Risk could also be viewed in a different light where risk is inseparable from performance. In some cases taking a risk is necessary to gain the returns. The extent of risk as an investor we are willing to take depends on Our financial status and psychological comfort with the prospect of uncertainty and incurring short term losses for long term gains. The risk is often measured in relative terms through benchmarks. The riskier an investment scheme is supposed to be, it is also expected to surpass the category benchmark substantially. The historical returns of a risky scheme are where the investor draws comfort from while investing in present. Through the investing world one aspect is always emphasized on calculated risk in the present always pays off in the future. However, to be able to take such risks one has to overlook minor short term losses or volatility in the market. Risk could be as less as zero like the fixed income instruments such as fixed deposits and Public Provident Funds where there is guaranteed returns at negligible risk. However, the downfall occurs in terms of inflation adjusted returns. The returns are not enough to outdo the inflation or the rate of return is equal to that of the rate of rising inflation. Equity investing is associated with a moderate to very high degree risk. However, they provide inflation adjusted returns. There could be short term losses but certain equity classes have generated long term returns which are far superior to other asset classes like, Gold, Property, Fixed income products etc. Let us see how equity Mutual funds in different categories have often generated returns beating the inflation.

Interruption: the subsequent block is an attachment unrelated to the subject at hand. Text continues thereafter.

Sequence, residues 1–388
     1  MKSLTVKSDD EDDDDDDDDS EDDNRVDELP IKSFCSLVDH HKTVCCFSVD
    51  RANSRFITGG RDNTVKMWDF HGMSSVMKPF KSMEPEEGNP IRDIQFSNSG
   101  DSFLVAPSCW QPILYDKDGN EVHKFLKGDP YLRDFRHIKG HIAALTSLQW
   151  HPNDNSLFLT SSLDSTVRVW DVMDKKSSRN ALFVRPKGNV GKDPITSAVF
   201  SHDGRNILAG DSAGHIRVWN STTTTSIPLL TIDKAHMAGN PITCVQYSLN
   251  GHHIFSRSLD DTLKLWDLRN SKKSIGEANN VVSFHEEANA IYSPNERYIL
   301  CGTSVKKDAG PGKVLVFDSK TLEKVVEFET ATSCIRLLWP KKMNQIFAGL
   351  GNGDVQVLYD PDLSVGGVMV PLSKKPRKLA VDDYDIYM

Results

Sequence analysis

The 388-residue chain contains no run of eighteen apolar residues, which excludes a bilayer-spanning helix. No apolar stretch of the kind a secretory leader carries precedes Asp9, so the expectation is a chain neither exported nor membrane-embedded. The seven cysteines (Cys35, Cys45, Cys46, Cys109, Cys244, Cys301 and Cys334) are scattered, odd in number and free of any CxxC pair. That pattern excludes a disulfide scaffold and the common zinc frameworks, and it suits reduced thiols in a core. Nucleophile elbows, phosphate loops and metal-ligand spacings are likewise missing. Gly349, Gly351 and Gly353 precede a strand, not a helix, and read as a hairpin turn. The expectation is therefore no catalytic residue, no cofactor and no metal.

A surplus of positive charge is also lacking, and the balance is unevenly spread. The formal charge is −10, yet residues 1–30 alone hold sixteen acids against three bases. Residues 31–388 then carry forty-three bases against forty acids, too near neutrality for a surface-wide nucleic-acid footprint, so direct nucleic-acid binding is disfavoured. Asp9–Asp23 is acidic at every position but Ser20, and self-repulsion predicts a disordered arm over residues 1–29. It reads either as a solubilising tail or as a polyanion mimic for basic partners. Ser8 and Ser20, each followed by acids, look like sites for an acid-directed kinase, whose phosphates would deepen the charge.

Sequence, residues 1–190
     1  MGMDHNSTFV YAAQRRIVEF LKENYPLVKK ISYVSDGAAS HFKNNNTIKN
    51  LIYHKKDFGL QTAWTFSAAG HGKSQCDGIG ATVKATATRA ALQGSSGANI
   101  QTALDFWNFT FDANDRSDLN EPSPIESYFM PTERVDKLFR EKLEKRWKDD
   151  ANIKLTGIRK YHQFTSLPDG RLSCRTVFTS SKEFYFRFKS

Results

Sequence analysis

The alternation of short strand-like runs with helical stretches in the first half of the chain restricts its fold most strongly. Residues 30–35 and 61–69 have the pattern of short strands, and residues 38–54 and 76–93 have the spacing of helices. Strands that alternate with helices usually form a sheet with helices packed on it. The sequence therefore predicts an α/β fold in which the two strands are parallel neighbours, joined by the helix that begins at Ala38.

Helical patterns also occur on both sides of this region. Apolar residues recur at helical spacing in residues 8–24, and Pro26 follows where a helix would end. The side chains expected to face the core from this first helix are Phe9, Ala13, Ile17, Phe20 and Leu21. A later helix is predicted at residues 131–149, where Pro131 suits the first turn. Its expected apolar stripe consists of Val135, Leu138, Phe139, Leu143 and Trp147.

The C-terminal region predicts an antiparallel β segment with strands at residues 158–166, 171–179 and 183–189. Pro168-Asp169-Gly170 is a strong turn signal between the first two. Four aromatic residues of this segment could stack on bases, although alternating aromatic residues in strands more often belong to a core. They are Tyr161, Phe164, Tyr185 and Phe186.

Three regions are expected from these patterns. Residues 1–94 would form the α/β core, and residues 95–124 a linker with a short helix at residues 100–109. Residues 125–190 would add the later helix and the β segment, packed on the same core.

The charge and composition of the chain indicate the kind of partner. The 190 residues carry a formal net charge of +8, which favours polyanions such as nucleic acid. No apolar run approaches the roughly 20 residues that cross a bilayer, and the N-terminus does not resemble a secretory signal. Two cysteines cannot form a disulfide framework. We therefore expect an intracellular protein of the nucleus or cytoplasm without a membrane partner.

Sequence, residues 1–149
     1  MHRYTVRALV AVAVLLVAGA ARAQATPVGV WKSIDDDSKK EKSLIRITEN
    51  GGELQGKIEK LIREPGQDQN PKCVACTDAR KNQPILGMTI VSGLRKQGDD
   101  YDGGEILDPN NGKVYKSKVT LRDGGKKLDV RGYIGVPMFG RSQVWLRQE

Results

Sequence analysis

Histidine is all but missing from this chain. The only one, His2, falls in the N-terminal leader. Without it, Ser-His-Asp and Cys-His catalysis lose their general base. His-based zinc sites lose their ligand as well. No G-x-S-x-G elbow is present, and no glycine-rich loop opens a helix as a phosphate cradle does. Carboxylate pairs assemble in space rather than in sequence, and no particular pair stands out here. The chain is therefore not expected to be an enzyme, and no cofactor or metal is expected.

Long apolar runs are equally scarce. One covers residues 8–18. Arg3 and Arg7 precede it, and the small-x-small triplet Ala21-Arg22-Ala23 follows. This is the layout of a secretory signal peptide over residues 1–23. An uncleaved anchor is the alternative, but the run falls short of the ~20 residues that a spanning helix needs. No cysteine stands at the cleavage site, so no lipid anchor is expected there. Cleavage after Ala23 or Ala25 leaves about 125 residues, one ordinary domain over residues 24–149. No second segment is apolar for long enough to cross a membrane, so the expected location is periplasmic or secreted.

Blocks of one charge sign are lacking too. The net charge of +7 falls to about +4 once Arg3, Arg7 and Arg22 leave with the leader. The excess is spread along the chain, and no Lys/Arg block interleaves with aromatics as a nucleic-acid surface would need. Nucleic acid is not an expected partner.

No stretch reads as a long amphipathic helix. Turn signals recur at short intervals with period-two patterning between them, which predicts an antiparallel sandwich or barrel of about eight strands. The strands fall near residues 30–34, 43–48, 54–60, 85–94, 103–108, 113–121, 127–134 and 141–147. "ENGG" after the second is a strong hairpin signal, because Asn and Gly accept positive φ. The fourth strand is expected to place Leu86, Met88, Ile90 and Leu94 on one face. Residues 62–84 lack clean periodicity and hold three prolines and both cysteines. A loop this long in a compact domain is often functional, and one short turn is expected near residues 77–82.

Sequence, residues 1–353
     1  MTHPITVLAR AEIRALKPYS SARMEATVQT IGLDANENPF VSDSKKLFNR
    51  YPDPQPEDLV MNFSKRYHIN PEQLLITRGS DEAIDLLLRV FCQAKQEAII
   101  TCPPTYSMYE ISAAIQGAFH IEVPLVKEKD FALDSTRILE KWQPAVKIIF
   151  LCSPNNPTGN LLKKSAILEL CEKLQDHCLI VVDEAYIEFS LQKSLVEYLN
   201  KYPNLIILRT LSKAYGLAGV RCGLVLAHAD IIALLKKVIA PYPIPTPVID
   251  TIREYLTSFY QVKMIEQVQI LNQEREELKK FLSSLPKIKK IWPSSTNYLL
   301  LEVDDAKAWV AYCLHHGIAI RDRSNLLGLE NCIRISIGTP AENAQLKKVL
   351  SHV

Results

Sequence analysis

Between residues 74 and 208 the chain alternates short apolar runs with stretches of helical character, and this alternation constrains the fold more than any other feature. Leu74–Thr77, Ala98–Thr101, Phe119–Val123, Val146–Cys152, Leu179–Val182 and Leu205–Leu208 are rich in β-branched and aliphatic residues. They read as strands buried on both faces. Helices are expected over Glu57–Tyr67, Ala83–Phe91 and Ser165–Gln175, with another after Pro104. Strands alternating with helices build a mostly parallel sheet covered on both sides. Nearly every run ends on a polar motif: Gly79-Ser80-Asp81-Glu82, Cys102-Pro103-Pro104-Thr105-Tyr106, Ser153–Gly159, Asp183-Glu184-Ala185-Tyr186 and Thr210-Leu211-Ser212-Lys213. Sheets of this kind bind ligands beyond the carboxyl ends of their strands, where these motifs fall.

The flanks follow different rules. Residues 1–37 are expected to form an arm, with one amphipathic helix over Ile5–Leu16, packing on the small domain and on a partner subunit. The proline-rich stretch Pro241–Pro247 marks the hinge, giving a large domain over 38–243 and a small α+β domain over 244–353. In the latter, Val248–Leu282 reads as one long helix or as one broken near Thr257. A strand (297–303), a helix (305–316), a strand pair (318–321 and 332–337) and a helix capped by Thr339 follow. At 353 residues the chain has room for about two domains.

As an investor while we are making various investment choices Our personal risk appetite plays an important role in ascertaining the asset classes we invest in. The choice is not just about specific funds but also are we exposing Our funds to enough risk to generate the returns because the higher the risk, the tendency to generate returns is higher as the investors also have to be compensated for being able to take a certain amount of risk.
Returns: How Much is Enough